DIU launches new emerging tech portfolio, solicits industry for quantum sensing capabilities

The "Emerging Technology" portfolio will focus on transitioning "deep-tech" capabilities from the commercial sector to the Pentagon's business ecosystem.
(Getty Images)

The Pentagon’s Defense Innovation Unit has created a new portfolio to integrate nascent technology into military operations, and it’s kicking off those efforts with a solicitation to industry for quantum sensors that can provide alternative position, navigation and timing (PNT) capabilities.

According to a commercial solutions opening posted to DIU’s website Thursday, the organization is seeking prototypes that can be demonstrated for military applications under its Transition of Quantum Sensors (TQS) program. The multiyear, multiphase effort aims to mature quantum sensing technologies and demonstrate them for “end-to-end DOD operational utility.”

The TQS program is part of the unit’s new “Emerging Technology” portfolio, also announced by DIU Thursday. Air Force Lt. Col. Nicholas Estep has been tapped to lead the portfolio, which will focus on commercial and non-traditional “deep-tech” capabilities that do not have established or defined transition pathways to the Defense Department’s business ecosystem, according to a press release.

DIU’s other portfolios include artificial intelligence, autonomy, cyber and telecom, energy, human systems and space.


Quantum sensors are designed to detect changes in movement and electric and magnetic fields at the atomic level, offering “the promise of significant improvements in precision, accuracy, and sensitivity compared to classical sensors,” the TQS solicitation noted. 

The technology has reached the point of maturity where the Pentagon is ready to conduct operational demonstrations for military applications, according to the listing. The TQS program will have three lines of effort: inertial sensing, magnetometers and technology insertions for spiral enhancements to quantum sensing.

The initiative will mainly explore how both inertial and magnetic sensor systems can provide enhancements and security to the Pentagon’s PNT-dependent missions, such as dynamic space operations.

When compared to conventional systems, inertial sensors have demonstrated a reduced drift rate — or the gradual, subtle changes in the sensor that can cause discrepancies between the actual data being measured and what is output by a system.

“The result of reduced drift from quantum inertial systems is extended navigation solution holdover times, increasing mission effectiveness during absence of precision position updates from systems like GPS,” the solicitation noted.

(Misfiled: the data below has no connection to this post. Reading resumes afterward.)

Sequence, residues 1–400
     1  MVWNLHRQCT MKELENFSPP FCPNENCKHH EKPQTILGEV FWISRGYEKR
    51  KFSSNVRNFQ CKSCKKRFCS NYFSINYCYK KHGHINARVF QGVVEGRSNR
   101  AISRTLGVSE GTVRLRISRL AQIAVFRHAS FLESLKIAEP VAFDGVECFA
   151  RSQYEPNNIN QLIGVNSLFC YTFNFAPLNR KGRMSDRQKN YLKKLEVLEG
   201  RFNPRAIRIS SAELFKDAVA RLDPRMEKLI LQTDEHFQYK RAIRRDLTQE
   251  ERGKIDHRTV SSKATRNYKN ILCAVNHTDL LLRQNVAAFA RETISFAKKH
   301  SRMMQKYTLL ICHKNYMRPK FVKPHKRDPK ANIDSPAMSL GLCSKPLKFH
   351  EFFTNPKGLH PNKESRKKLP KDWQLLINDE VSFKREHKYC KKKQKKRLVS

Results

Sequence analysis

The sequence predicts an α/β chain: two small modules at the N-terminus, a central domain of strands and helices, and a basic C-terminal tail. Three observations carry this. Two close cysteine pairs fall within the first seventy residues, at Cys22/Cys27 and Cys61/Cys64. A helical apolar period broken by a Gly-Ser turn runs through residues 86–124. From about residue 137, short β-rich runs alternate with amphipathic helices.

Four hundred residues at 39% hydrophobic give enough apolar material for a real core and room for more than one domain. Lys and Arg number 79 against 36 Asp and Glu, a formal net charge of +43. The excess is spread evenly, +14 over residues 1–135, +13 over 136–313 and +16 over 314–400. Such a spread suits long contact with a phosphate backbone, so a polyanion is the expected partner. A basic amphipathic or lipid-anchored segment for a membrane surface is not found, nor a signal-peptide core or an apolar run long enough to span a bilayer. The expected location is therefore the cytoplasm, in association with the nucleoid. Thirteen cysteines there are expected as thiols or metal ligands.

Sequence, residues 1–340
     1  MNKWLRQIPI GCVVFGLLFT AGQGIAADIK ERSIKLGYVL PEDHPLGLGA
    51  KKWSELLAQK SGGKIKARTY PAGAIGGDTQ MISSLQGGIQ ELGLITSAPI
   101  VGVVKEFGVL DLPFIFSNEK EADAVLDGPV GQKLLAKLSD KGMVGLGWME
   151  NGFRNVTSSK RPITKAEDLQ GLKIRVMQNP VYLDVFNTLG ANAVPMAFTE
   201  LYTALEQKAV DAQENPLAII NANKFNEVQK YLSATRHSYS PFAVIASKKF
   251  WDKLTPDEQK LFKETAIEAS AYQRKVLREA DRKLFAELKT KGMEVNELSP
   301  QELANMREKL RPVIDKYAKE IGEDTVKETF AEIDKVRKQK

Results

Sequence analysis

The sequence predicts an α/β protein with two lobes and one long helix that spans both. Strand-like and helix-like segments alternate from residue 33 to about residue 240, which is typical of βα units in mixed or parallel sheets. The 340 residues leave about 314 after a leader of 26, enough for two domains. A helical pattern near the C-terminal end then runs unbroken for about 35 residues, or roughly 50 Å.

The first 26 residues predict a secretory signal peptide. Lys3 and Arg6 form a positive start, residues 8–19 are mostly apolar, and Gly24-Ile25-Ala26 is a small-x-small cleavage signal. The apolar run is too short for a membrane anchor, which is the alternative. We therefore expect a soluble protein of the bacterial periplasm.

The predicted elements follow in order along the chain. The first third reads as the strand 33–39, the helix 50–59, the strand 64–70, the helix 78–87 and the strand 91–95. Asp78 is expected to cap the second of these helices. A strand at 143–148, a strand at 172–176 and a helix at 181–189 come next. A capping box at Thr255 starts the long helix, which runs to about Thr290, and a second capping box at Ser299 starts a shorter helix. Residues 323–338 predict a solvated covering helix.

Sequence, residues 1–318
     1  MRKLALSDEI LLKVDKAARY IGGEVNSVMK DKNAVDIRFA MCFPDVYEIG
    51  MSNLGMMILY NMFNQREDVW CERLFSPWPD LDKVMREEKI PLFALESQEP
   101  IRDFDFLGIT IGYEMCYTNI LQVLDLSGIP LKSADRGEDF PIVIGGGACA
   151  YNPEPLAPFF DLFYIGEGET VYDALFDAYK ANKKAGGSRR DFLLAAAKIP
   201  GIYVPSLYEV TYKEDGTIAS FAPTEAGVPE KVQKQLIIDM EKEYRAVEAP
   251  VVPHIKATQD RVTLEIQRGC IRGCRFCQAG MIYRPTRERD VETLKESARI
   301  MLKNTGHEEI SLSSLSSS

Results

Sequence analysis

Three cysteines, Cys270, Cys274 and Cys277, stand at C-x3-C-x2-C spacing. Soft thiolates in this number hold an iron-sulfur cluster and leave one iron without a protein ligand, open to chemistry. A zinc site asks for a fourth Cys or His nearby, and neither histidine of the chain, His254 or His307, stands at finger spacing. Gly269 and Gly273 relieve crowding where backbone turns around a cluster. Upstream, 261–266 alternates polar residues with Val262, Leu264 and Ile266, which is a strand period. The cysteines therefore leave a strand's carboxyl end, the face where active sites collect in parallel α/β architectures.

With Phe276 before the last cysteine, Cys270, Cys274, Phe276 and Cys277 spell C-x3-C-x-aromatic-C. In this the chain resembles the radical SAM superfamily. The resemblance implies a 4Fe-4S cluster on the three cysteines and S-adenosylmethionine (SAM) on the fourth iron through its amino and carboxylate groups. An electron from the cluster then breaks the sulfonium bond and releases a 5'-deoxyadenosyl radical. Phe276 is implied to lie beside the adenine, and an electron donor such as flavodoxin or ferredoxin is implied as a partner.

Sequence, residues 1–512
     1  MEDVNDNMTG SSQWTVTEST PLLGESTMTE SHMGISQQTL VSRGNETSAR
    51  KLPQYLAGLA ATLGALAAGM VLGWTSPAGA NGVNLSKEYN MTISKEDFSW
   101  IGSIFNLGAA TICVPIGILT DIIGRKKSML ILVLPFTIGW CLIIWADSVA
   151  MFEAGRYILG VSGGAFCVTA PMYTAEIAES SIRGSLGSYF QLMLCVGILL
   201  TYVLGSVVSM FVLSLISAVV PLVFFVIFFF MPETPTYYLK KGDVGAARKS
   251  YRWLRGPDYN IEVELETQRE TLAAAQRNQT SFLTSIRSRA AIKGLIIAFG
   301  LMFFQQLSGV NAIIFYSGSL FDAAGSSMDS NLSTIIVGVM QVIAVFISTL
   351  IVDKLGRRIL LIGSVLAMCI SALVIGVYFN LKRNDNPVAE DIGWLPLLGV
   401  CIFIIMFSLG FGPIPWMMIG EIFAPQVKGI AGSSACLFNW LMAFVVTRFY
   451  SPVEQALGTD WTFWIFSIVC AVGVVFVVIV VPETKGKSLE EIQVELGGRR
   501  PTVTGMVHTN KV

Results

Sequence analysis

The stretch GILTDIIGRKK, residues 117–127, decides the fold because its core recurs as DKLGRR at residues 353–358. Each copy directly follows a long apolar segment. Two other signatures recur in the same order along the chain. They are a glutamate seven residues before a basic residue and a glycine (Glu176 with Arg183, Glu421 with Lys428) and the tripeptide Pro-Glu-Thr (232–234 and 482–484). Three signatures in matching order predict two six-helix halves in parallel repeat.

On the other hand, magnetic navigation (MagNav) systems are highly immune to interference from either adversary attacks or environment conditions. As a result, these sensors could operate where others could not, “such as over water, when weather may obstruct celestial and terrain visibility, or during long missions when drift dominates the inertial nav solution,” according to the post.

DIU is also interested in how magnetometers can enhance geomagnetic surveying and magnetic anomaly detection missions for submarines and explosive hazardous materials. The organization is looking for commercial solutions that can be integrated onto drones and maintain the necessary sensitivity to accurately track anomalous magnetic signatures in the Earth.

Proposals are due by May 29. Industry can submit their solutions for either one or both use cases, but DIU intends to prioritize technologies with modular, iterative designs that can address both mission areas.

“The intent is to have mid-course functional demonstrations of end-to-end solutions, followed by operational demonstrations within the next five years for relevant military applications and mission sets to conclude the prototyping program,” the post noted. “The opportunity for design spirals, to include technical enhancement insertions, is expected during the program.”

Another early focus for DIU’s new emerging tech portfolio will be on existing and upcoming hypersonics efforts. It will take over the organization’s High-cadence Airborne Testing Capabilities (HyCAT) program, which aims to prototype hypersonic testing systems for the Defense Department. 


In the future, the portfolio will launch prototyping efforts for “advanced materials and propulsion, nanotechnology, photonics, microelectronics, additive manufacturing and quantum information science,” according to a release.

Mikayla Easley

Written by Mikayla Easley

Mikayla Easley reports on the Pentagon’s acquisition and use of emerging technologies. Prior to joining DefenseScoop, she covered national security and the defense industry for National Defense Magazine. She received a BA in Russian language and literature from the University of Michigan and a MA in journalism from the University of Missouri. You can follow her on Twitter @MikaylaEasley

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